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Anyone who has lived in or followed Zimbabwe since 2001 has in all likelihood been bombarded by propaganda claiming that the Zimbabwe Development and Economic Recovery Act (ZDERA), passed by the U.S. Congress in 2001, is the root cause of all the country’s problems. One can hardly argue that the intent of ZDERA was punitive; it was after all passed in response to horrendous human rights abuses and flagrant disregard for rule of law during the contentious elections of 2008 and the violent seizures of property in the 1990s, but, according to a Congressional Research Service report it does not have the far-reaching impact that is often claimed.
Those who argue against ZDERA often confuse it with the targeted sanctions against certain individuals and entities in Zimbabwe, the Specially Designated Nationals (SDN) list, which freezes assets and imposes a travel ban. Assertions that these actions on the part of the U.S. government are ‘illegal’ come from some of the same people who claim national sovereignty; a bit of a contradiction if one takes the time to read such statements carefully. General claims, coming from people who either haven’t read the law, or who have read it and deliberately ignore its content, don’t hold water if the facts are laid on the table.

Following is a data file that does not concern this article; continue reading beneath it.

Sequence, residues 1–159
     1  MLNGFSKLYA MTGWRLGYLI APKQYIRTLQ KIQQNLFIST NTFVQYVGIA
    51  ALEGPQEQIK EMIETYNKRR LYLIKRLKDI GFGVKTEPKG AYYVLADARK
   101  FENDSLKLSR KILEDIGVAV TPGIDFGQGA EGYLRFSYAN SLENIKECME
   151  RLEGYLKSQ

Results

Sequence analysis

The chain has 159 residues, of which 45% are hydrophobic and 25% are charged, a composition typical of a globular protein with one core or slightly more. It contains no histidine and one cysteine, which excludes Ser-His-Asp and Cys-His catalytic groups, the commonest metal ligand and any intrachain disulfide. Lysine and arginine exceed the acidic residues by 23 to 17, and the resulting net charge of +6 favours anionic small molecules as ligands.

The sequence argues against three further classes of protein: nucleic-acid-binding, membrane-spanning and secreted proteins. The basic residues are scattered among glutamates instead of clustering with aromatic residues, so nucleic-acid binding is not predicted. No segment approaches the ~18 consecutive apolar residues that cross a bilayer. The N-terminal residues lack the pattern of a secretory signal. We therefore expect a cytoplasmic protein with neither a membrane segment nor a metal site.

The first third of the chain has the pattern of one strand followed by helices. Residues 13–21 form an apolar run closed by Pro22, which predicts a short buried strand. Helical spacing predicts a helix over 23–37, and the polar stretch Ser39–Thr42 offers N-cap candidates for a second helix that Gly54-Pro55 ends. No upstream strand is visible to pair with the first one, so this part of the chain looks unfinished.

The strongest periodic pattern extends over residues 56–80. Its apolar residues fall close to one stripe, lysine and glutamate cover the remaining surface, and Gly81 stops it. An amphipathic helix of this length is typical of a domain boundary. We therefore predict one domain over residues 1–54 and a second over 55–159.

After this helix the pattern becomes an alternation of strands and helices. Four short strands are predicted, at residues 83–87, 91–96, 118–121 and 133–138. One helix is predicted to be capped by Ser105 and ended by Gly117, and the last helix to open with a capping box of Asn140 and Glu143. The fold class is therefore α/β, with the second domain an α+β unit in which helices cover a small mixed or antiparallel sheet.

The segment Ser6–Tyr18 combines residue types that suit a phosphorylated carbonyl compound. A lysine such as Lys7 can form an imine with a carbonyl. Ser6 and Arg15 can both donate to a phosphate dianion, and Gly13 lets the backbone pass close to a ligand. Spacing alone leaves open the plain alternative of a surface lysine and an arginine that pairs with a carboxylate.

ZDERA says, in part, that the U.S. Secretary of Treasury shall instruct shall instruct the U.S. executive director of each international financial institution to oppose and vote against any extension by the respective institution of any loan, credit, or guarantee to Zimbabwe. Ignoring the fact that the U.S. has only one vote in any of these institutions, there is also the fact that because of failure to settle its arrears with these institutions, Zimbabwe has been ineligible for loans, credits, or guarantees since long before ZDERA was enacted into law. From the late 1990s, Zimbabwe’s debt arrears has been the primary obstacle to new lending or debt relief. In reality, no U.S. law or vote by a U.S. representative can block lending by the international financial institutions; the boards by majority decide on lending to member countries, and the U.S. does not have veto power in any of them. It should also be noted that the Africa Development Bank (AfDB) board has approved several projects for Zimbabwe despite ZDERA.
A careful reading of ZDERA will show that it commits the U.S. to support debt relief, financial assistance, and technical support once the government has restored rule of law, held free and fair elections, made security forces subordinate to the civilian government, and committed to transparent land reform.
Before buying into the anti-sanctions propaganda, it might be worthwhile reading the entire text of ZDERA, which can be found here. Let facts take the place of propaganda.